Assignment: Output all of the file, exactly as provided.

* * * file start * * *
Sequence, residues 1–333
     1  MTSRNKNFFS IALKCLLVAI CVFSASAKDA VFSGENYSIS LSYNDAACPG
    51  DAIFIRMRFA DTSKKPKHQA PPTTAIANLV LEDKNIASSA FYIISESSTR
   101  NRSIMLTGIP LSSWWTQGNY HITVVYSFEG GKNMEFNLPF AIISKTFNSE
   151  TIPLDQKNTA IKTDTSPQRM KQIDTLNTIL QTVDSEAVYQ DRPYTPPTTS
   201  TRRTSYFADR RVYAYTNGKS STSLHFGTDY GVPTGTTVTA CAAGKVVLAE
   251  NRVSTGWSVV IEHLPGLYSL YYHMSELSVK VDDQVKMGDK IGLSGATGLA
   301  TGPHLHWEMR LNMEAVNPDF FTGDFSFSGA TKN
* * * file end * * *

Sequence, residues 1–333
     1  MTSRNKNFFS IALKCLLVAI CVFSASAKDA VFSGENYSIS LSYNDAACPG
    51  DAIFIRMRFA DTSKKPKHQA PPTTAIANLV LEDKNIASSA FYIISESSTR
   101  NRSIMLTGIP LSSWWTQGNY HITVVYSFEG GKNMEFNLPF AIISKTFNSE
   151  TIPLDQKNTA IKTDTSPQRM KQIDTLNTIL QTVDSEAVYQ DRPYTPPTTS
   201  TRRTSYFADR RVYAYTNGKS STSLHFGTDY GVPTGTTVTA CAAGKVVLAE
   251  NRVSTGWSVV IEHLPGLYSL YYHMSELSVK VDDQVKMGDK IGLSGATGLA
   301  TGPHLHWEMR LNMEAVNPDF FTGDFSFSGA TKN